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We are excited to announce the 2017 winners of the first-ever Pop Culture Educator of the Year Award! Each of the award-winners below has demonstrated innovative use of pop culture as an educational tool in their classrooms to engage and inspire students, as well as create lasting impacts in their schools and local communities. We are pleased to recognize and honor their wonderful work!

In addition to one of PCC’s own pop culture-based curricula, each award-winner will receive two 3-day passes to Denver Pop Culture Con 2017 (June 30- July 2, 2017), as well as a special DPCC’17 prize package.

Thank you to everyone who nominated an educator this year! We were excited to hear about so many excellent educators using pop culture in their classrooms.


Elementary-Level Awardee – Tracy LeVeaux

Pop Culture Classroom - Tracey LeVeauxTracy LeVeaux teaches 4th grade at Lotus School for Excellence, a public charter school in Aurora. This is his 14th year in education, having taught grades 1 through 6 (minus 2nd).

“I try to incorporate pop culture into my classroom for several reasons. First, it is always an engaging method of introducing a new topic, making an analogy to better understand a current lesson, or to review previous concepts. Another, more important reason, is its usefulness in teaching English Language Learners (ELLs). Comic books are such a visual medium, which allows me to relate to my ELL students. I incorporate storyboards into my writing lessons as well as use graphic novels in my classroom library. It helps students to feel more confident, and ultimately, be more successful, in English Language Arts.”


Middle-Level Awardee – “Mollie” (Mary) Kelleher

Pop Culture Classroom - Mollie KelleherAfter teaching in Montana for ten years, Mollie Kelleher joined the St. Vrain Valley School District in 2000 where she has taught English, language arts, and most recently computer science. Kelleher loves all things sci fi and has been a Star Trek fan since the first episode aired in 1966.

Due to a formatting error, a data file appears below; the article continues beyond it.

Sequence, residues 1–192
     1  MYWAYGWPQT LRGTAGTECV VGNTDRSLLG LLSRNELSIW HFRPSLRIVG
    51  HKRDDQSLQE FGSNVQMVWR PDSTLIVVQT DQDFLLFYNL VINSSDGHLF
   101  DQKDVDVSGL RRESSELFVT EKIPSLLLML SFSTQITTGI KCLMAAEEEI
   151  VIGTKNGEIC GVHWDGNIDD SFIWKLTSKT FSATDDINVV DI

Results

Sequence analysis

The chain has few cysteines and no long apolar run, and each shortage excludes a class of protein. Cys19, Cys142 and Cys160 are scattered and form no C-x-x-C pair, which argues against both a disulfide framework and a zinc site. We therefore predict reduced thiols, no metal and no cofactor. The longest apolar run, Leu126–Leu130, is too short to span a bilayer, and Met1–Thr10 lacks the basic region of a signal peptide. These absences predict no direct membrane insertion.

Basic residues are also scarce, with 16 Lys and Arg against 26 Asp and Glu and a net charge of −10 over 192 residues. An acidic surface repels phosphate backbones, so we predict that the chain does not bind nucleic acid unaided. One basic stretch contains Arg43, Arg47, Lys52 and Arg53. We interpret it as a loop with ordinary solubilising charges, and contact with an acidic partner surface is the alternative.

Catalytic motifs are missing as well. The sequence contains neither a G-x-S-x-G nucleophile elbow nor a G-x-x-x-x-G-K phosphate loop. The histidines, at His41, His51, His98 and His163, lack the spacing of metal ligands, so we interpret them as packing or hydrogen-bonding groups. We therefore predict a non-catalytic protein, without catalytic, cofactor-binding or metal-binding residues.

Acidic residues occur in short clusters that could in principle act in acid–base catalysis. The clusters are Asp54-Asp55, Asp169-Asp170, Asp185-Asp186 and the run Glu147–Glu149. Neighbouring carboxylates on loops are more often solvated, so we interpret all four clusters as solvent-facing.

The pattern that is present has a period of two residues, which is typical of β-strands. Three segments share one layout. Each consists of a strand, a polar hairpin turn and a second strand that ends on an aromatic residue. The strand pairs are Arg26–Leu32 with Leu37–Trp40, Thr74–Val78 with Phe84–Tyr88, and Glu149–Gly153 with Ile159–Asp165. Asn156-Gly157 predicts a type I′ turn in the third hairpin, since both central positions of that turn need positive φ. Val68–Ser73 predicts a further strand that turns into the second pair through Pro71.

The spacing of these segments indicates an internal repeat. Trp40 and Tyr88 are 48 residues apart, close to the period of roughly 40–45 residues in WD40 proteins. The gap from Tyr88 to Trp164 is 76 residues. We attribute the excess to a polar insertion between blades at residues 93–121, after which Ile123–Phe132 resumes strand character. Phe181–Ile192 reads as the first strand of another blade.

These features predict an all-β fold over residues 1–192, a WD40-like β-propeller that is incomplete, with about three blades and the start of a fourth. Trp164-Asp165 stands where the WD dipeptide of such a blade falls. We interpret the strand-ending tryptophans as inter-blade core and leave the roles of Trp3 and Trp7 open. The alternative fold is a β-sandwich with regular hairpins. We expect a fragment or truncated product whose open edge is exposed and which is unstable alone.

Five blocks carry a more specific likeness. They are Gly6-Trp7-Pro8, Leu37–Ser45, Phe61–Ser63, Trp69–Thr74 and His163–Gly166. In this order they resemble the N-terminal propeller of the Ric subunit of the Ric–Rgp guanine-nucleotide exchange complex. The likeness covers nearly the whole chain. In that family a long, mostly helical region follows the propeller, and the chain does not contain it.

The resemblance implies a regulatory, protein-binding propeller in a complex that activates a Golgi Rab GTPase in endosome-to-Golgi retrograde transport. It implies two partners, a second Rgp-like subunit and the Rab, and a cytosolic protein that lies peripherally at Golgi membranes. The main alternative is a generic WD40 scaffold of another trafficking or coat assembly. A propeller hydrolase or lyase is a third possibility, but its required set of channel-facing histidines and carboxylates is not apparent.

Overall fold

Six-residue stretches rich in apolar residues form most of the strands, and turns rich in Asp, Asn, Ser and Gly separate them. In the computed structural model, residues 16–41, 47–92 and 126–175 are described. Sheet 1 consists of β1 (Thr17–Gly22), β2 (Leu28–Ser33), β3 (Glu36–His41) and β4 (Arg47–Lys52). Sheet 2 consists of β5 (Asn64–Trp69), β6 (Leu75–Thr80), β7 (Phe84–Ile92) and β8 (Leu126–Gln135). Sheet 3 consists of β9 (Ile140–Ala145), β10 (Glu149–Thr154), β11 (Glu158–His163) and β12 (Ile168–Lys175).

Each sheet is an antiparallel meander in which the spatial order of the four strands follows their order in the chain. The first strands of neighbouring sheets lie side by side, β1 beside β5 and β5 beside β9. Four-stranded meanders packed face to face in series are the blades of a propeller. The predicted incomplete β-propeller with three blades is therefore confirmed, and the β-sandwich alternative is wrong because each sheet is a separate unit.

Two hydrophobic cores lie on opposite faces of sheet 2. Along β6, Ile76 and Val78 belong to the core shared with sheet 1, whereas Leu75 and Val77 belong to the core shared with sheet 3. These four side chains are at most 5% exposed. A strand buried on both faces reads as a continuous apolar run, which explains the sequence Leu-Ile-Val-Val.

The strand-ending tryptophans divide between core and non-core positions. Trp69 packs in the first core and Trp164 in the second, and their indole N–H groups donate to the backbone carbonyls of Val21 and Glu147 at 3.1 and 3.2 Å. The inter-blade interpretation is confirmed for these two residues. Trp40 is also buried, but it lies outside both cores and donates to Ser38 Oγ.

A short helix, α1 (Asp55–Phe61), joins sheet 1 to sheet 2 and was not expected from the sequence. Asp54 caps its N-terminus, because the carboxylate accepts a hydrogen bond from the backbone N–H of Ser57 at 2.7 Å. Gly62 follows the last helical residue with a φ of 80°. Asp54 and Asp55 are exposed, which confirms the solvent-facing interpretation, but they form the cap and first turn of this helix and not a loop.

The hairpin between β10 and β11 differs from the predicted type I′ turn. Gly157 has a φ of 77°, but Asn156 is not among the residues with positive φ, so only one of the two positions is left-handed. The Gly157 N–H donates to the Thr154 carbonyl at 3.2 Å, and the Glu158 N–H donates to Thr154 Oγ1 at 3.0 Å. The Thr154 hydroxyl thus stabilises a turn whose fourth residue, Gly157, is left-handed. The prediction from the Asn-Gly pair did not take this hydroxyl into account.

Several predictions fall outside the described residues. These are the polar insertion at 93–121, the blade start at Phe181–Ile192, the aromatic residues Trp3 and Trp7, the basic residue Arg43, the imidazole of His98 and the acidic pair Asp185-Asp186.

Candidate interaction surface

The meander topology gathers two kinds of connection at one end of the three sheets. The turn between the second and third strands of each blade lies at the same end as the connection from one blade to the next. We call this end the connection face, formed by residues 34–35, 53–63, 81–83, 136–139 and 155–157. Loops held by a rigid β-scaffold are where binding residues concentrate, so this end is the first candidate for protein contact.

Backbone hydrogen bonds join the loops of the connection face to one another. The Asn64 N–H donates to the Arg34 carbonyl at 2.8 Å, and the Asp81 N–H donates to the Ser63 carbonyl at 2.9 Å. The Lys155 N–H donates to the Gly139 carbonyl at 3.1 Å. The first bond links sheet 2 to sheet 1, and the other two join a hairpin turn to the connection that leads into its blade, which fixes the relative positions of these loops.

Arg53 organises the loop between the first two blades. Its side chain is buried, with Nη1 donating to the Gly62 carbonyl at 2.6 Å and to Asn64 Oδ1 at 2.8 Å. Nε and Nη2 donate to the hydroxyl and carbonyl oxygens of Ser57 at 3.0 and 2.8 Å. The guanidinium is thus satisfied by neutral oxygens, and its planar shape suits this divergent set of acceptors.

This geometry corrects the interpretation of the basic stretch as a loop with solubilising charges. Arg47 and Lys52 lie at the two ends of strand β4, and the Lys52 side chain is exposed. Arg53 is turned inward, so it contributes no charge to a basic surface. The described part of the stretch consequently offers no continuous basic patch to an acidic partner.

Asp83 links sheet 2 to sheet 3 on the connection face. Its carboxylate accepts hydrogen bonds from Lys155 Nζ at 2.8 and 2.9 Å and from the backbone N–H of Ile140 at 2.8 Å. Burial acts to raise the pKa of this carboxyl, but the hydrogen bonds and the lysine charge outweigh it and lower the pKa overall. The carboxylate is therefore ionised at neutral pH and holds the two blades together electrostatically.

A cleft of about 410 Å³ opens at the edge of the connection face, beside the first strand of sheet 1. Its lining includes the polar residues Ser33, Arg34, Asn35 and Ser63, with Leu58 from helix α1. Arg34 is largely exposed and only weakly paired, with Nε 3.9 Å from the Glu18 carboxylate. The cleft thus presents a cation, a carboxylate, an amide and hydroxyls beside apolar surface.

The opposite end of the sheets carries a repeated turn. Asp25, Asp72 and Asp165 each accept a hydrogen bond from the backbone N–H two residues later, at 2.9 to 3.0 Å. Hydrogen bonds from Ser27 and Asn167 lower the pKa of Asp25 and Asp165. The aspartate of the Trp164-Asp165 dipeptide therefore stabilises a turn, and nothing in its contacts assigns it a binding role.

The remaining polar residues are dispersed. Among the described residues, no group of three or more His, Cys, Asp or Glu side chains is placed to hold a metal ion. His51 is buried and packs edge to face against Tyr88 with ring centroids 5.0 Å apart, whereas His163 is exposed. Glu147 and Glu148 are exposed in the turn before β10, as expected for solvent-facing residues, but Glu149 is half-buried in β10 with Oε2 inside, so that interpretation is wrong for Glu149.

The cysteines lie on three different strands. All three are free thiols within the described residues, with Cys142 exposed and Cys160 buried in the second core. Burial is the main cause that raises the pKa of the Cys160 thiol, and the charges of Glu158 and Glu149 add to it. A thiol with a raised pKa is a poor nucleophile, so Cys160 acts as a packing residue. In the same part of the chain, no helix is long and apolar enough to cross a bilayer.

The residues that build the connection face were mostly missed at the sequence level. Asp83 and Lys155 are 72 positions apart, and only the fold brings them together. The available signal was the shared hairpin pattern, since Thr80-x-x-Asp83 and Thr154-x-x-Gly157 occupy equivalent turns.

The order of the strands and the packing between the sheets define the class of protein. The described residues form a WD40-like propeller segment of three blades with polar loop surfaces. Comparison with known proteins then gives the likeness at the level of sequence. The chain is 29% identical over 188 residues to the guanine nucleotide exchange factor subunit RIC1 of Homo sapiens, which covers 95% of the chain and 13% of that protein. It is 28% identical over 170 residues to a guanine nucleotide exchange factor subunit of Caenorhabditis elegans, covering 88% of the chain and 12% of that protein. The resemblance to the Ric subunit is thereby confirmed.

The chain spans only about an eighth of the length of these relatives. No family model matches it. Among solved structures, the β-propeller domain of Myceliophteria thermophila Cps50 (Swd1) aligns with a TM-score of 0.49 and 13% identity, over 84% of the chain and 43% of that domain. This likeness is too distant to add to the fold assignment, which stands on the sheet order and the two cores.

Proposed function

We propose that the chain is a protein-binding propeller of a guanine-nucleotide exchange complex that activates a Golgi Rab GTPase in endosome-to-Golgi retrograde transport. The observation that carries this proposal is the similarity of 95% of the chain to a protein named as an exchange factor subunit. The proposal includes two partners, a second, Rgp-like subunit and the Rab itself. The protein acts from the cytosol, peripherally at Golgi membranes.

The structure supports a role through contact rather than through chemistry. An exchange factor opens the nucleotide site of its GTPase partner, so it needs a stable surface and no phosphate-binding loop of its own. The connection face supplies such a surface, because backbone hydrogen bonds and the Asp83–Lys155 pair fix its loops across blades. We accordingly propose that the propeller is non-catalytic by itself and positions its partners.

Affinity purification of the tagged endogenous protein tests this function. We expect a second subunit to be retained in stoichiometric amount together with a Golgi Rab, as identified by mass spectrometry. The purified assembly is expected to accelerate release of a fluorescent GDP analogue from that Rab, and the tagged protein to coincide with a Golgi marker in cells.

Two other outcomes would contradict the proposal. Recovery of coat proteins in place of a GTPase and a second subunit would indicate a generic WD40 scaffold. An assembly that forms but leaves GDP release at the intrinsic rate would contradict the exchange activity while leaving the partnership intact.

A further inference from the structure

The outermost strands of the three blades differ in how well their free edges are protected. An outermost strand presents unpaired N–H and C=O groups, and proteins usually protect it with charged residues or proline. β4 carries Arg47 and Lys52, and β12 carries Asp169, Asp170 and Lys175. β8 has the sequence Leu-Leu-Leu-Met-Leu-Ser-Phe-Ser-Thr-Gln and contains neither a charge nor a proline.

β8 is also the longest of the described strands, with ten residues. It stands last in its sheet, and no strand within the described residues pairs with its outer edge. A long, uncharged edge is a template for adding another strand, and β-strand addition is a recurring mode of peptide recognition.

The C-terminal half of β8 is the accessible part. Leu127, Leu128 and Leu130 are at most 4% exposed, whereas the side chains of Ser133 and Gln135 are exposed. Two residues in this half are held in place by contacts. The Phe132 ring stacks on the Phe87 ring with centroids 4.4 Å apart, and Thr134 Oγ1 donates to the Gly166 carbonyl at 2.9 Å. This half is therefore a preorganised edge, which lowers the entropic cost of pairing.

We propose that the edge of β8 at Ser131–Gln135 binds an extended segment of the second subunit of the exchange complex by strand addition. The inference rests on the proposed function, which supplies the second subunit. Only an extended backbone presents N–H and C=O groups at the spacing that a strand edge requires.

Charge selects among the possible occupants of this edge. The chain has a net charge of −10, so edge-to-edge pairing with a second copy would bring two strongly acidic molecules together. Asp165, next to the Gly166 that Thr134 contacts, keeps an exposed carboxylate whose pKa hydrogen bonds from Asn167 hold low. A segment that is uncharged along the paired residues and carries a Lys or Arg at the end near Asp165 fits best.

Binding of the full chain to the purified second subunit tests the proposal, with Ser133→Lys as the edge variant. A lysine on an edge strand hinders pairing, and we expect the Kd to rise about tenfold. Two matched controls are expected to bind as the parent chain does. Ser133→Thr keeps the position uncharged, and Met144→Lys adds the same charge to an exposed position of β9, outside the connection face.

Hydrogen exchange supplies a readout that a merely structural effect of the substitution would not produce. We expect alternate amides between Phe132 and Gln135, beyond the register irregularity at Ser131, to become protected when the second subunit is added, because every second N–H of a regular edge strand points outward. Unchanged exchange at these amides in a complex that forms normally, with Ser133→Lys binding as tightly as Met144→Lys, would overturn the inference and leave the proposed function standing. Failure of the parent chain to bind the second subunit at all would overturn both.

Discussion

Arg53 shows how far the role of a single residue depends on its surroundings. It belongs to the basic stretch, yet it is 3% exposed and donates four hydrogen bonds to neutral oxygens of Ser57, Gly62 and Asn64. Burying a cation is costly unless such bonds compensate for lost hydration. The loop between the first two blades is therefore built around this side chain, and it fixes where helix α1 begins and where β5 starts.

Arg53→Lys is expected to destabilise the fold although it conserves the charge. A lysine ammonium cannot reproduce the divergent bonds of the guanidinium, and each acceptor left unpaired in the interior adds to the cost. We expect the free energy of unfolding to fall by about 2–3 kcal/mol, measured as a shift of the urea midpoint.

“Pop culture provides excellent resources for making abstract concepts accessible to middle and high school students. Did you know that a monologue from Kill Bill provides a perfect model of essay development? Or that The Matrix contains every element of the hero’s journey? Sheldon’s friendship algorithm helps students understand how to program decision trees and avoid infinite loops, and a contagion simulation is so much more interesting when framed as the zombie apocalypse. And what’s cooler programming than a Dr. Who version of PacMan, complete with talking Daleks? Nothing, that’s what.”


High School-Level Awardee – William M. Plumb

Pop Culture Classroom - William PlumbWill Plumb is a Social Studies teacher at Laramie High School in Laramie WY. In addition to teaching, he is the sponsor and co-sponsor for the Pop Culture, Japanese, Key Club, and S.A.L.L.Y. (Safe Area for LHS LGBTQ Youth) clubs. When not at school he can be found relaxing with his family, playing Netrunner, or playing drums for the band Sunnydale High.

“Why do I use Pop Culture in my classes? Comic books, games, and sci-fi have always been part of my life so it has always been part of my classroom. In recent years I began implementing board games and comics to help my students understand tough concepts and practice analyzing the media they are bathed in daily.  Most students are naturally drawn to games, comics, and pop media which gives students a shared schema. That schema gives students practice in decoding their world and lets me create more effective and engaging lessons.”


Post-Secondary Awardee – Dr. Cristopher Bell

Pop Culture Classroom - Dr. Cristopher BellDr. Christopher Bell is the Director of Graduate Studies and an Associate Professor of Media Studies in the Department of Communication at the University of Colorado Colorado Springs. He specializes in the study of popular culture, focusing on the ways in which race, class and gender intersect in different forms of media, particularly dystopian young adult literature and tween television programming.

“I make extensive use of popular culture to reflect upon the state of race and gender relations in contemporary society. It is one of the most useful tools at our disposal in the development of student consciousness surrounding these issues, because teaching students about race and gender is really, really difficult. Using popular culture to demonstrate the ways in which students are intentionally socially conditioned into particular world views can oftentimes soften the blow and open students up to a new way of thinking about the issues without so much ‘skin in the game.’”

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